Near the entrance to the spiral, we found a snow-covered town where we met up with Josef, only to discover all his male neighbours had been driven into slave labour by the Empire. Josef was the mayor and had been left behind to run the place, but the Empire took his daughter to ensure he behaves. The prisoners had been taken to the mythril mines at Semitt Falls, which was convenient for us because it meant we could solve both problems in one fell swoop. The mine was located past a lake, truly inconvenient. Hell, it was at the head of a waterfall, they must lose a lot of workers every year. While I suggested we heal up and equip proper equipment for the dungeons, Kyle had the helm in the first dungeon, and insisted on continuing to train (read “bleed all over the floor”) through the entire dungeon. It worked: the dungeon didn’t need full HP, so we probably pulled out ahead because of it. I deferred to his strategy from then on in my own dungeon runs, much to the party’s distress.
The first thing Kyle found in the mine was a large crystal that would have easily been decoration if there was more than one of them, but there was not. Therefore, it was an obvious landmark for later. The rest of the mine consisted of the game torturing Kyle with what the Final Fantasy Wiki calls “Trap Rooms:” an obnoxious design decision where you enter a completely inconspicuous door only to appear in the middle of an empty room with random encounters on nearly every square. I won’t be mentioning them much in the future but they never really go away. Kyle eventually found the prisoners, accompanied by Paul the thief, who had come to steal… “the” mythril? On his own. Yes. Steal the mythril straight from the mine, this is definitely something you can do.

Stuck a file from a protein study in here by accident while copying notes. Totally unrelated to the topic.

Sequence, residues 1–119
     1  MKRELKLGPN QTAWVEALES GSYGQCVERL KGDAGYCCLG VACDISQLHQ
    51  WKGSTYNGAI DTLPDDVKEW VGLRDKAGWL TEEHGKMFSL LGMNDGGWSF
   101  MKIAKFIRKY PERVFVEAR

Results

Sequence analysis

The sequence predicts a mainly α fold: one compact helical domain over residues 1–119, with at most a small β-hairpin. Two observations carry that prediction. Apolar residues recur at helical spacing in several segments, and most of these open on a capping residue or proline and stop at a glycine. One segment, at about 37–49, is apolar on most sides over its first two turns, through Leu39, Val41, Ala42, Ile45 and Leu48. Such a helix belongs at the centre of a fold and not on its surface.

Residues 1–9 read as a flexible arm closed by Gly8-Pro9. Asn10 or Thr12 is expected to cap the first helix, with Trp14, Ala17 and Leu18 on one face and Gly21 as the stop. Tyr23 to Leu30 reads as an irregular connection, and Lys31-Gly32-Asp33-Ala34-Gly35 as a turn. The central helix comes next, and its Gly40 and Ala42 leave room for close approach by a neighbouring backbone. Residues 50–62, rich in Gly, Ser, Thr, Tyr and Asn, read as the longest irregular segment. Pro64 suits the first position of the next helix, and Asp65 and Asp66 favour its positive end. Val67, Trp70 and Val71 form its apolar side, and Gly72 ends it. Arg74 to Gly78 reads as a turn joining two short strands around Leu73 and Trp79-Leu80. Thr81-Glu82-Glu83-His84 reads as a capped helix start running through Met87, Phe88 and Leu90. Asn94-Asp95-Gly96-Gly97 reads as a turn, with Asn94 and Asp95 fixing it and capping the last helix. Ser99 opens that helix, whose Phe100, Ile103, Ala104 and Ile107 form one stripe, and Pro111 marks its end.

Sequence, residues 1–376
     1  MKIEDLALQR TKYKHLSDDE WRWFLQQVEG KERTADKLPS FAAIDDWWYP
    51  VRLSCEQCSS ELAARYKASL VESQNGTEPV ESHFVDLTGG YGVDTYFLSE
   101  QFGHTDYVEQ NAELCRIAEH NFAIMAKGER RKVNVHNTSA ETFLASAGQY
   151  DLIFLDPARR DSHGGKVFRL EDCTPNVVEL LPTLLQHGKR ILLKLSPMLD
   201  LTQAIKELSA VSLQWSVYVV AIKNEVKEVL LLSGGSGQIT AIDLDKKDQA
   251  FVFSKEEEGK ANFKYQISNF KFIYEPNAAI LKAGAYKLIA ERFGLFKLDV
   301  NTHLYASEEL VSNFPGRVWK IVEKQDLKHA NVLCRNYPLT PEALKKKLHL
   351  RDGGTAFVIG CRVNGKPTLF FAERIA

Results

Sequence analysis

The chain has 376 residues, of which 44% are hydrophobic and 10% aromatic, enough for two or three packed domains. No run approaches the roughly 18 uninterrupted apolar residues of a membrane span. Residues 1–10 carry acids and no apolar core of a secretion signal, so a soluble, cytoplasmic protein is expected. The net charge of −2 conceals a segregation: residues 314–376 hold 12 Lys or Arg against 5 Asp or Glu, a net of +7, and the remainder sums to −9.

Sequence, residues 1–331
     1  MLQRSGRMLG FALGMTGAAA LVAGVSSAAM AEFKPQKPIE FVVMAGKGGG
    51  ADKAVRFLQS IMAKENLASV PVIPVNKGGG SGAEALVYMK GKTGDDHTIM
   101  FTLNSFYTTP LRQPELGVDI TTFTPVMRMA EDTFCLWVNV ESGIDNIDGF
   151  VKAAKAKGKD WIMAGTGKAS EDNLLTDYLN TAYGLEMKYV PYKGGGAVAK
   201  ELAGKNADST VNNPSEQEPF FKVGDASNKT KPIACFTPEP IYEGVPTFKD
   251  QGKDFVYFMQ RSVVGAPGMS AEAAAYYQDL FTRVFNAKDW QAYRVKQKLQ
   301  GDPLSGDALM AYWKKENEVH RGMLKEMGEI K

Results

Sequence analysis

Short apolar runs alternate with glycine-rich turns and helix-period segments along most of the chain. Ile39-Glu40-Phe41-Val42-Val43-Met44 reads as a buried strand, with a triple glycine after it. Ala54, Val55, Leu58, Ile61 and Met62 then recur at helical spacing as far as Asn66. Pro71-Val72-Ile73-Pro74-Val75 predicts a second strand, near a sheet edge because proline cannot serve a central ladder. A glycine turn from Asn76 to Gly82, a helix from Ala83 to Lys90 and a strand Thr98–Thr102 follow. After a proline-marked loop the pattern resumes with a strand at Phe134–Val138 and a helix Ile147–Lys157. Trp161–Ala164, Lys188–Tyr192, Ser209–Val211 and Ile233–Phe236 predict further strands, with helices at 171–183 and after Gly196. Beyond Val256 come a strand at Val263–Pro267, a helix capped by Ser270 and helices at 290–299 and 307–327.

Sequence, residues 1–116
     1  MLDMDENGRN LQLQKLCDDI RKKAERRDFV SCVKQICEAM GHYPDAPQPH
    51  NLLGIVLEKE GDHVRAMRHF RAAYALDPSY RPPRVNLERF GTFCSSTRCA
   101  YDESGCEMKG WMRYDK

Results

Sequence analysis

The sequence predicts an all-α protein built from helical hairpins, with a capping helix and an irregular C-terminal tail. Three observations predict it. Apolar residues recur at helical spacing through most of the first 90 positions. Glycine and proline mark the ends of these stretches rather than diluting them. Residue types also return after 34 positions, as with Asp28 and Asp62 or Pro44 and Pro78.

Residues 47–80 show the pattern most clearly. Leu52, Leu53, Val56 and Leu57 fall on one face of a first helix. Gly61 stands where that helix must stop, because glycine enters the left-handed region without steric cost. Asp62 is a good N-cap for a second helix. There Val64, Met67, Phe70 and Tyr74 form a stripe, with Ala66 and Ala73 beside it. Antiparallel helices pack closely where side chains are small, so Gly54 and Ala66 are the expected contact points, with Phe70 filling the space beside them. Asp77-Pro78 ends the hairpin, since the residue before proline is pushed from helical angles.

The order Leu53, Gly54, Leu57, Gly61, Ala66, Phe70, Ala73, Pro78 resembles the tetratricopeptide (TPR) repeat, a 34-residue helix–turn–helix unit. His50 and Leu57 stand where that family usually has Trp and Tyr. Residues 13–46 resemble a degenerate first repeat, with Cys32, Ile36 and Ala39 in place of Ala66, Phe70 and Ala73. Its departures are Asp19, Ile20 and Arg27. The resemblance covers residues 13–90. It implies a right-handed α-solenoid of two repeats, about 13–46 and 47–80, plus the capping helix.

Paul saved us the trouble of escorting the prisoners back to the surface, so Kyle plunged on and, after innumerable rounds of Monty Hall with the trap rooms, we finally found the boss through the only other door in the dungeon that wasn’t a trap room. Artificial difficulty at its finest. The boss – an Imperial Sergeant – wasn’t that much of a pushover but he was still just a first boss and isn’t worth talking about. Behind him, we found a treasure chest containing the mythril. Yes, “the” mythril. All of it. My apologies to Paul. We know it was all of it because stealing it sent the Empire into a panic and diverted the Dark Knight from the Dreadnought. It fit in a box, and then into our pants pockets.